Giant Gippsland Earthworm Facts
- The Giant Gippsland Earthworm ranks as the largest known species of earthworm on earth. Yet it must be remembered that it constitutes only one of the roughly 1,000 known species of earthworm native to its region.
- In its native range, it also goes by the common name of karmai. This derives from the language of the local Indigenous Peoples, the Bunwurrung.
- Currently, the IUCN lists this remarkable animal as Threatened. Due to its highly restricted habitat range, it remains highly vulnerable to habitat loss and climate change.
Giant Gippsland Earthworm
The astonishing Giant Gippsland Earthworm averages roughly 3.3 ft (1 m) in length and attains an average weight of about 0.44 lb (200 grams).
Yet, exceptional specimens of this fascinating creature remain capable of reaching the truly astonishing length of as much as 10 ft (3 m).
It possesses a blue-gray colored body and a dark purple colored head. The bodies of this unique worm also present between 300-400 separate segments.
It also has the ability to greatly expand its diameter at will, to dissuade predators, making it appear even larger than its already incredible size.
Order: Order: Haplotaxids
Species: M. australis
Giant Gippsland Earthworm Distribution, Habitat, and Ecology
The astonishing Giant Gippsland Earthworm thrives in only one specific region. It appears to be endemic to only certain portions of Gippsland, Australia.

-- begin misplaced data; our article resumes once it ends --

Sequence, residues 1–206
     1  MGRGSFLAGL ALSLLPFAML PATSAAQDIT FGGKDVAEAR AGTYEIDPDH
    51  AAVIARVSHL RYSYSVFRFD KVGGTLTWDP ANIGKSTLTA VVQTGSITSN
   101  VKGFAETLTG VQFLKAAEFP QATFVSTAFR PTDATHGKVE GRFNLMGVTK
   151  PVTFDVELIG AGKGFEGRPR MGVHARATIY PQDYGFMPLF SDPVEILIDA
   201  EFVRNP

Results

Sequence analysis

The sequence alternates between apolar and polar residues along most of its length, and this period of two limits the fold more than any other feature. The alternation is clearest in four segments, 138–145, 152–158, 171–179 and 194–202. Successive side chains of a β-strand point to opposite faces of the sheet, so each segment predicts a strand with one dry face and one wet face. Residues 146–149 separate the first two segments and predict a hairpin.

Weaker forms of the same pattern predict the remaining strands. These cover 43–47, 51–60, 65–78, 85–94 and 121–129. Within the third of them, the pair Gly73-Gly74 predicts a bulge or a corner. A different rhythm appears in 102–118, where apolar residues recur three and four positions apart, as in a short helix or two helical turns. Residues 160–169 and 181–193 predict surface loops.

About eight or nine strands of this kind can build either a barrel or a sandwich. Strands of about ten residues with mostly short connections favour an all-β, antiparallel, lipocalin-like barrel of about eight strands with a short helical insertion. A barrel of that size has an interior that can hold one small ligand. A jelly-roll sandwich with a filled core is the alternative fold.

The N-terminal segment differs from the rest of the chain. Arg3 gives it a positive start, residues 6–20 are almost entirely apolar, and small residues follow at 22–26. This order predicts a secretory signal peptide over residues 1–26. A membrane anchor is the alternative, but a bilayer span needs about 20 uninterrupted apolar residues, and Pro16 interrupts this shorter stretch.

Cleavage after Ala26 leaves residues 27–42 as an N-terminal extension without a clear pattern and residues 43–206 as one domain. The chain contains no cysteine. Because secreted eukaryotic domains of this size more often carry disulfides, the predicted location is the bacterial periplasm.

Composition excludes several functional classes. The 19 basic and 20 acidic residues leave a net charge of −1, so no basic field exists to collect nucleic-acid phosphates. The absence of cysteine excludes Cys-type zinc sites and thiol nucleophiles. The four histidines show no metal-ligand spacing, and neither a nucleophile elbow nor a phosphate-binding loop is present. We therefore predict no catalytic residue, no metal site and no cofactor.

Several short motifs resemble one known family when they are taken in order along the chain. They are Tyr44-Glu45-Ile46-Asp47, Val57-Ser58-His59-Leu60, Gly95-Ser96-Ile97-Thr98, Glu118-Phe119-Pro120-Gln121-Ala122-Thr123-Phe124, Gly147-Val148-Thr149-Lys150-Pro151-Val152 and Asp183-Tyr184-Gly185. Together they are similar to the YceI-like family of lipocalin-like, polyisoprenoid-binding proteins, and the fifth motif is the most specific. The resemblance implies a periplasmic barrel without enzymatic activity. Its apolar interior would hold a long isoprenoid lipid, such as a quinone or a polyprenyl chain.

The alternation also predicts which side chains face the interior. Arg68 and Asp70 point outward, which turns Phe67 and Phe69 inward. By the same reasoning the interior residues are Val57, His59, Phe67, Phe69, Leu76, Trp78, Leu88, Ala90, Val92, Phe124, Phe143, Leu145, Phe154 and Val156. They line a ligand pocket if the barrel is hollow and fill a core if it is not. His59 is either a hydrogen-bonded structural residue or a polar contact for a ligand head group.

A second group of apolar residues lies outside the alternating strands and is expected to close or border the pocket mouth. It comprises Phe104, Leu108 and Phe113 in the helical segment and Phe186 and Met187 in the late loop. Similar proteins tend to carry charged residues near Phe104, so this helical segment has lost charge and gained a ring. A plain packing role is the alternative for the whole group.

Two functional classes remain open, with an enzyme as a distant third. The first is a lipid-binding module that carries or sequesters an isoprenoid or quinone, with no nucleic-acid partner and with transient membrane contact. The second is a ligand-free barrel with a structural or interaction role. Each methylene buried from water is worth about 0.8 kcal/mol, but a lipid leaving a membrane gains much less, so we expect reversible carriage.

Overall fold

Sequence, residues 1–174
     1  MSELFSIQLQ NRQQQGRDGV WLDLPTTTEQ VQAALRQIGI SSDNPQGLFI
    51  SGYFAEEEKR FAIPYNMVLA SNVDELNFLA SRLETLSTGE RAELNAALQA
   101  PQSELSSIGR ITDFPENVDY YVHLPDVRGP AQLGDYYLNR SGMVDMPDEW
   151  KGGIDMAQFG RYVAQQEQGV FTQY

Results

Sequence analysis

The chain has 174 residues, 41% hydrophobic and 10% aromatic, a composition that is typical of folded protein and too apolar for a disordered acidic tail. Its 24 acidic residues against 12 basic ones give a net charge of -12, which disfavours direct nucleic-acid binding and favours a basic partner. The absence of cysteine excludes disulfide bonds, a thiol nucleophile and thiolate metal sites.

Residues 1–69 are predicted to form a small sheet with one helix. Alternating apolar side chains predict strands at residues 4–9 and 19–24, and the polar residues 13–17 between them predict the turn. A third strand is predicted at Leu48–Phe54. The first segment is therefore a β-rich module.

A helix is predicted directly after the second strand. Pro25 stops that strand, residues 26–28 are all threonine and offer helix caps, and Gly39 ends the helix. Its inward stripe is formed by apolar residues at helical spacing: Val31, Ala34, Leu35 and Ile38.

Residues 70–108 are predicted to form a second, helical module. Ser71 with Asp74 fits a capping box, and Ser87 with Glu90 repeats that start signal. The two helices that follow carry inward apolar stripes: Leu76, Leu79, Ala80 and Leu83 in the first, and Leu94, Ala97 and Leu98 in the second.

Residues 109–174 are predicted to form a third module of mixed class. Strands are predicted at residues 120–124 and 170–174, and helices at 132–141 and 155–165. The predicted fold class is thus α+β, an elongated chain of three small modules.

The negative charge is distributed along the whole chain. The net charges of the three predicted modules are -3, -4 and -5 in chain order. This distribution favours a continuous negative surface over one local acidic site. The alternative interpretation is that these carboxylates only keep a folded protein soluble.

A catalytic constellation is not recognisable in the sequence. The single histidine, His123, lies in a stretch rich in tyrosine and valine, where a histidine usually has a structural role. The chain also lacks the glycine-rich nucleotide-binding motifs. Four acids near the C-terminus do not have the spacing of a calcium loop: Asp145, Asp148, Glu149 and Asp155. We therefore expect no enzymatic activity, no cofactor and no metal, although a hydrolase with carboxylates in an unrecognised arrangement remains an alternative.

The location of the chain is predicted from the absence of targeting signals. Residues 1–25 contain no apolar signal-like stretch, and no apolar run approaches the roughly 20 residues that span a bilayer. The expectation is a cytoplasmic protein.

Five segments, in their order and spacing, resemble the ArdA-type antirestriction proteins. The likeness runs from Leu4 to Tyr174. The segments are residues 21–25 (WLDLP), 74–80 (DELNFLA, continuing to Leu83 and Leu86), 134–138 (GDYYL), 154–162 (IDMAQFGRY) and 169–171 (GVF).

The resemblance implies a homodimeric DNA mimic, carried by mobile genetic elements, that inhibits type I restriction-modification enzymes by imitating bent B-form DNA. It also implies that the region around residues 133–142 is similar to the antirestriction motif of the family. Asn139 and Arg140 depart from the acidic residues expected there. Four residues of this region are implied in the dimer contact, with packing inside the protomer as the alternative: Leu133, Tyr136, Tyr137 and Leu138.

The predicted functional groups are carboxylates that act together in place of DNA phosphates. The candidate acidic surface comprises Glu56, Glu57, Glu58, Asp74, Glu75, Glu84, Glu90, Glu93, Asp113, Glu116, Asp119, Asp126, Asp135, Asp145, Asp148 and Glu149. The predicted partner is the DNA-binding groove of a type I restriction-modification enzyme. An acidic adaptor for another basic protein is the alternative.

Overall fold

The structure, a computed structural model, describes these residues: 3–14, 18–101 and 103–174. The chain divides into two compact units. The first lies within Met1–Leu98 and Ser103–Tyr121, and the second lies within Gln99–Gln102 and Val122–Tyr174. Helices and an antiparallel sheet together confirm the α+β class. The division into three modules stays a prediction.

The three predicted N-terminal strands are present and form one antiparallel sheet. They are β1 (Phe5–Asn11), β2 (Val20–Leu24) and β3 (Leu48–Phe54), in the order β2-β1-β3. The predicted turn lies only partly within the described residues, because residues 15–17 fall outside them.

We still do not know if its range ever extended beyond this region.
For reasons that we still do not entirely understand, the Giant Gippsland Earthworm inhabits a rather specific habitat, even within its already tiny endemic range.
It seems to live only in regions of red, gray, or blue clay, on the banks of streams flowing through hills that face either west or south.
The Giant Gippsland Earthworm also inhabits extensive shallow burrows. It also possesses an extremely long lifespan for an invertebrate and takes nearly 5 years to reach maturity.
Unless forced to the surface the creature spends its entire life underground. Breeding occurs during the summer months. It now ranks as a protected species throughout its known habitat range.